It had been such a glorious day. We crossed from Gozo to Malta aboard a ferry. From Valletta, a bus shuttled us to a fishing village in the south end of Malta. It was Sunday, and the Marsaxlokk street market would be filled with fish, shellfish, fruit, veggies, and Maltese pastries. Then, there would be stalls selling clothing, shoes, jewelry, household necessities, and merchandise of every description.
We got there early to beat the crowds and filled our small insulated bag with ice and two kilos of king prawns. The cost? $12 for 2.20-pounds of the lovely crustaceans. Next, we got a couple of flakey, cheesy pastizzi and two cups of hot tea from a kiosk. For the alfresco breakfast, we paid $2. That was for us both.
We sat on a multicolored bench facing the harbor’s edge, chatting about the small blue, yellow, red, and sometimes green luzzu in the harbor. One of those boats had brought our prawns in that morning. “Yes, I want to live here,” Kevin said. I was over the moon. For me, that decision had been made three years earlier on an extended visit to the archipelago. Malta would be our new home.
Impossibly blue water, 3,000 hours of sunshine per year, and the warmest people you’ll ever meet. Hook-to-mouth seafood at your doorstep daily and the cost of living that offers a higher quality of life. The Maltese Islands are in the center of the Mediterranean, surrounded by Europe, Asia, the Middle East, and Africa; it’s the dream location for a travel writer/photographer pair.
So the decision was made. We are moving to Gozo, Malta. Now what? How do you make the transition? Keep our U.S. house? Sell our U.S. house? Close the business or sell the business? What about friends and family? The biggest “what if” question was, what if we don’t like it there after all?
We didn’t feel we could risk cutting the U.S. cords until we had a better idea of what life would be like in the Mediterranean. Hours and hours of “what if” conversations took place. It finally occurred to us that we could “try-out” life in Malta during a one-year rehearsal, with no penalties for a “we really don’t like it” result.
Taking A “Try-Out” Year
Once we realized it would be wise to do a trial run before jumping in too deep, we quickly moved forward with our plans. Unfortunately, before that, we were stuck in a quagmire of “what if” fear. The try-out year allows us the time to know if it’s the place for us to retire or if we should keep looking.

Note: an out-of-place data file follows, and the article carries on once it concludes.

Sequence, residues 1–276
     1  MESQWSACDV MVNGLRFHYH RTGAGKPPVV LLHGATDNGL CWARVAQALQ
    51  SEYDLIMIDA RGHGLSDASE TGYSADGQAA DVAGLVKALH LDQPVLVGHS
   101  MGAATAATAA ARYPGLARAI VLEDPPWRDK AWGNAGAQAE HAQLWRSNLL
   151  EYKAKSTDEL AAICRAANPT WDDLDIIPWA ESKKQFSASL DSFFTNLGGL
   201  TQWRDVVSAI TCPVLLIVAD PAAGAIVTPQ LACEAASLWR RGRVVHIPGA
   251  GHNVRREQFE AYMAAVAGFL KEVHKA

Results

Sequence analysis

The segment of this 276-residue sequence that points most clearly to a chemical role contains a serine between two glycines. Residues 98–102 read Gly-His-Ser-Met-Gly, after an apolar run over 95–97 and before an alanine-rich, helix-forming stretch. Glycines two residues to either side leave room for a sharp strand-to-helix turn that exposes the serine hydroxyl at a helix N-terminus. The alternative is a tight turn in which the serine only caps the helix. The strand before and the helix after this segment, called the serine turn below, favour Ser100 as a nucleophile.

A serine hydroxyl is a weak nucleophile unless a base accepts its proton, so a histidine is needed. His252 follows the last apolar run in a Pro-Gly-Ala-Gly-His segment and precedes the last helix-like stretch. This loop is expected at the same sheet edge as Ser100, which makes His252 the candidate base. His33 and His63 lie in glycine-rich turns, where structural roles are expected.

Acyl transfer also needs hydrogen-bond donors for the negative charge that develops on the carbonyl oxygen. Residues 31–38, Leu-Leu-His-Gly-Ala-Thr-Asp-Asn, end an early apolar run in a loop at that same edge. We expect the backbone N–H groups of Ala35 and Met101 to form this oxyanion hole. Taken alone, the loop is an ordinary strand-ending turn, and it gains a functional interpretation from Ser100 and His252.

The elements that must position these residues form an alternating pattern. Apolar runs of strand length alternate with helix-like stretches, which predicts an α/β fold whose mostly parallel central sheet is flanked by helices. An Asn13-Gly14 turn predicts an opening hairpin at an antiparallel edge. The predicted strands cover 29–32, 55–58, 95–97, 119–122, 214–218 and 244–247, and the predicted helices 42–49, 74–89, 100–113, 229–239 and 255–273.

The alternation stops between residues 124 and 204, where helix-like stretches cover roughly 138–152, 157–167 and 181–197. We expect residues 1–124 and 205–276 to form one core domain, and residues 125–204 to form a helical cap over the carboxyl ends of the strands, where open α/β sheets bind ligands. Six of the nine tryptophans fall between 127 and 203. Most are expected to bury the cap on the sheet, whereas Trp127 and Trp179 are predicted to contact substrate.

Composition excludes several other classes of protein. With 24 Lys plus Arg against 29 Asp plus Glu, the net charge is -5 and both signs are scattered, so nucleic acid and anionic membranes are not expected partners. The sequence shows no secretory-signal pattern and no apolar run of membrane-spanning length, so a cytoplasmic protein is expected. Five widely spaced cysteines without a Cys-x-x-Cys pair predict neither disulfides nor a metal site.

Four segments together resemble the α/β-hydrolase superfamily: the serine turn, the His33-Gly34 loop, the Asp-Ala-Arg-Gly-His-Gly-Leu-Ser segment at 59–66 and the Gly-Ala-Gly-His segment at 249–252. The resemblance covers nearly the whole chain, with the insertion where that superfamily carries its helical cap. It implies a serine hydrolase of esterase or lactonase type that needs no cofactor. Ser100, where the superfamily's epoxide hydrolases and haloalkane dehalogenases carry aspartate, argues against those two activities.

We will live a full dress rehearsal for one year before fully retiring, cashing out, and cutting the U.S. ties that bind. While my travel writer work can be done anywhere with an internet connection, Kevin’s general contracting business happens in our hometown. The good news is he’s experienced at operating remotely, with his crew on the ground at home.
Why We Chose Gozo
The tiny island nation of Malta is in the center of the Mediterranean; Malta is surrounded by Europe, Asia, the Middle East, and Africa. None are more than 2-hours away. The closest destination is Sicily at 60 miles away. With Gozo as our home base, we’ll have budget-friendly access to hundreds of new destinations. We think it is a perfect location for a travel writing/photography duo.
We selected the island of Gozo over the island of Malta. While both islands are beautiful, Malta is developing much faster than Gozo. Although village life still exists, much of the island of Malta has a city feel. We are small-town folks and life in Gozo fills our small-town requirement.
Life in Gozo is rural and agricultural for most of the 4.5 by 9.5-mile long island. The population of about 30,000 live in 18 villages dotted about the isle. Victoria, Gozo’s capital, is the largest by far, with a population of just under 7,000.
3. Cost Of Living
In the decision to move outside the US, the cost of living was our first justification. Neither of us could live on our social security in California because the cost of living is too high. Both of us are in the position of having to continue to work in our 70’s and beyond.